Dear Dr. Don,
Can a local bank branch decline to cash my payroll check because the strip on the back of my driver’s license isn’t recognized in their swipe machine? My payroll check comes from a big bank, and I don’t have my own account there. The driver’s license has all my information displayed, and the account has the funds available. I went to another branch and the teller didn’t make a comment and cashed the check right away. If the card reader isn’t recognizing my driver’s license, the teller manually keys it in. He never asked for a passport or fingerprint on the check. I suspect this was discrimination because I’m Latino. Do I have a case of discrimination?
— Joe Judgmatic
I’m a financial advice columnist, not a lawyer. I can’t tell if you have a case against the bank on the basis of discrimination. My guess is that you were treated differently because you’re not a customer of this particular bank, as opposed to something racial. Sure, I could be wrong. But you experienced different banking practices at two different branches. That could also mean that the second branch failed to follow the bank’s policy concerning noncustomer checks. Do you really want to take this to a lawyer, especially since your check was cashed?
It’s a common misconception that an employer’s bank has the financial obligation to cash your paycheck. According to the federal regulator, which is the Office of the Comptroller of the Currency, if you aren’t the bank’s customer, the bank doesn’t have to cash your check. If it does cash the check, it can charge a fee for it. That leaves aside the question whether that’s a good way to treat customers.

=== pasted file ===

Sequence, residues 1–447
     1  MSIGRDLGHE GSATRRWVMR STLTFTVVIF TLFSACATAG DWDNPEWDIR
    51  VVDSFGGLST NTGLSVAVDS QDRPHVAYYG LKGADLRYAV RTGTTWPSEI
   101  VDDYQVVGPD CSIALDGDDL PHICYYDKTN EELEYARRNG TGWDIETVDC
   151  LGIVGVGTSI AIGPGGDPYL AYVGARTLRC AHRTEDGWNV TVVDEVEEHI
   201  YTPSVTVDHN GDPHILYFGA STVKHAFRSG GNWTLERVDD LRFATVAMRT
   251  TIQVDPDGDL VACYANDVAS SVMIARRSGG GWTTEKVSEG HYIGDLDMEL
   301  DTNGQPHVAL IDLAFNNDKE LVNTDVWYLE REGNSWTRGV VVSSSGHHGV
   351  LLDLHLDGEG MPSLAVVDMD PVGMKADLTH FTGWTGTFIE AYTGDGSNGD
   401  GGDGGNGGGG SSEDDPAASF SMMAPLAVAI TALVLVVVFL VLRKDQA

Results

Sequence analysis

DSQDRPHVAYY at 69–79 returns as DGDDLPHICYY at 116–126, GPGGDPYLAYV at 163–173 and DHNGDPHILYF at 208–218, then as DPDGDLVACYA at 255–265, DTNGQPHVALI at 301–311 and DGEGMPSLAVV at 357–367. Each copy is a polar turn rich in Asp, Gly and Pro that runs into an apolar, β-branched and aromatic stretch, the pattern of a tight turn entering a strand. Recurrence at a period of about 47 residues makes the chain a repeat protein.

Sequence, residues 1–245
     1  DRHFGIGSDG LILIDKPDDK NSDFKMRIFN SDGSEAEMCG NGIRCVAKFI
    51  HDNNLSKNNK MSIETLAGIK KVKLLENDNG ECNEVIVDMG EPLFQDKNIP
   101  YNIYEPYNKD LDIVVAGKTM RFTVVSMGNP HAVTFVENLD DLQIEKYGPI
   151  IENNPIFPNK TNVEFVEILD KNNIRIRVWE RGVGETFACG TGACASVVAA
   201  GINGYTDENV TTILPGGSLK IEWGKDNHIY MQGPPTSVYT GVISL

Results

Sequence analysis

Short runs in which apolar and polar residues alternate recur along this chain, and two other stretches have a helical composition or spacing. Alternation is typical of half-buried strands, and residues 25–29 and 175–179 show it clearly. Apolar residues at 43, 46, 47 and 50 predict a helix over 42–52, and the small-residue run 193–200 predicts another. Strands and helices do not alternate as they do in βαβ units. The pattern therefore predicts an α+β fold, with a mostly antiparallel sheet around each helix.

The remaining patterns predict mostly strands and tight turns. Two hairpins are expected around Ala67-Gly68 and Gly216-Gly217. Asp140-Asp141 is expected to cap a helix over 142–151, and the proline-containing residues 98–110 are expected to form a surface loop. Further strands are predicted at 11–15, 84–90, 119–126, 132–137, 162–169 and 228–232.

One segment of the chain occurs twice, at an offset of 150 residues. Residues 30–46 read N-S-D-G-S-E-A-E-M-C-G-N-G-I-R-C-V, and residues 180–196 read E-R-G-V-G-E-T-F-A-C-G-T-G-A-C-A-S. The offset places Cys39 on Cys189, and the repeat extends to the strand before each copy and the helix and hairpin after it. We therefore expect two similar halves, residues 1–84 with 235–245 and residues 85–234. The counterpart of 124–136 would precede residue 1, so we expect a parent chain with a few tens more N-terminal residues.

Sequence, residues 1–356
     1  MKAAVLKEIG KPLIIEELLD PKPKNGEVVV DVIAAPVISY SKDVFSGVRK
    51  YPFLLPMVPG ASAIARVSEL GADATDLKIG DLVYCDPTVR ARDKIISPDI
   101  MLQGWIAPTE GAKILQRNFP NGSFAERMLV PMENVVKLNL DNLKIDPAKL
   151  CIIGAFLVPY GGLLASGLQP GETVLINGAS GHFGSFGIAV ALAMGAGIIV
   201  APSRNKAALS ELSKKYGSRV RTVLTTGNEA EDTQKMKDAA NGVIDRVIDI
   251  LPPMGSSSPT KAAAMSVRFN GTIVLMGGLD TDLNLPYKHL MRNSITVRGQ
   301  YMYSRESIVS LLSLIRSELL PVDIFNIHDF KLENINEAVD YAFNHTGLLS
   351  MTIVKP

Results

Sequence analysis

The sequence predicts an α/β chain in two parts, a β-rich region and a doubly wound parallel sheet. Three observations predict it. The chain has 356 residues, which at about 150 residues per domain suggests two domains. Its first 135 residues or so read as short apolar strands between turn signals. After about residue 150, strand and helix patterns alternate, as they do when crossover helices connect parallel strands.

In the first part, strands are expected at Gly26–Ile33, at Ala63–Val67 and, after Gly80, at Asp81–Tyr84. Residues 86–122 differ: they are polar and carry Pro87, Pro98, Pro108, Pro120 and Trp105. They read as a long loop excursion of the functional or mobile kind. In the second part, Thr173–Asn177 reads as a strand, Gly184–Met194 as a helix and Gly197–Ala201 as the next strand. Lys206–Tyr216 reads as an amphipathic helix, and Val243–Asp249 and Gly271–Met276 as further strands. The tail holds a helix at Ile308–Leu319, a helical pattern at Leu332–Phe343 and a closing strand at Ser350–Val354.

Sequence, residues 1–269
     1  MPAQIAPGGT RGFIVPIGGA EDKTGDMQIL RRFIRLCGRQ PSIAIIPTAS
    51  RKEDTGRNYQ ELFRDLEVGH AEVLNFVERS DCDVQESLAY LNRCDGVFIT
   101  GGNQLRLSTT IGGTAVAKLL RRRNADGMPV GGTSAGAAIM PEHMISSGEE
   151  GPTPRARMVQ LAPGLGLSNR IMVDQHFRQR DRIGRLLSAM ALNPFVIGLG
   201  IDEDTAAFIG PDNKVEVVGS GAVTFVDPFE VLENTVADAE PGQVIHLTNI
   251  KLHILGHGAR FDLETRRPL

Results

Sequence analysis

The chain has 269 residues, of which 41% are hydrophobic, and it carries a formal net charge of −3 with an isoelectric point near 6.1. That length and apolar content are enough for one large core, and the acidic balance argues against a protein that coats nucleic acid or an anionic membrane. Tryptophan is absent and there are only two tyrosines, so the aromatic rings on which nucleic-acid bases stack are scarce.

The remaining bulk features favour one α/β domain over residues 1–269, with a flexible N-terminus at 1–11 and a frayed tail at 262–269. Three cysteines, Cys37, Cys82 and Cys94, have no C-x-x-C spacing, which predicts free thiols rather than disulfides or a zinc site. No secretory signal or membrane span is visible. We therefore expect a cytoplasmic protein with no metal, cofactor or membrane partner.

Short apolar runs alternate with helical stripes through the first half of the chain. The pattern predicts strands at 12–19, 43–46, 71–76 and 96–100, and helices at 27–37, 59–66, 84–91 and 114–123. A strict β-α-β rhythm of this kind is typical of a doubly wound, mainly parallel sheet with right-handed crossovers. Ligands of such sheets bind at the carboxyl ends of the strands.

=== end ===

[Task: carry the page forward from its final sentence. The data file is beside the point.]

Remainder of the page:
Banks that do cash noncustomers’ checks must protect themselves against fraud. You didn’t mention where you live, but California retailers and banks are allowed to swipe driver’s licenses with limitations on what they can do with that information.
If you’re curious about what your state allows or doesn’t allow when it comes to banks or retailers swiping your driver’s license, check with your state attorney general’s office. I just had my driver’s license swiped at a grocery store when I purchased a six-pack of beer. Now curious like you, I’m going to look into whether the practice is permitted by law. My guess is that it is intended to keep the grocer from selling beer to minors.
Get more news, money-saving tips and expert advice by signing up for a free Bankrate newsletter.
Ask the adviser
To ask a question of Dr. Don, go to the “Ask the Experts” page and select one of these topics: “Financing a home,” “Saving & Investing” or “Money.” Read more Dr. Don columns for additional personal finance advice.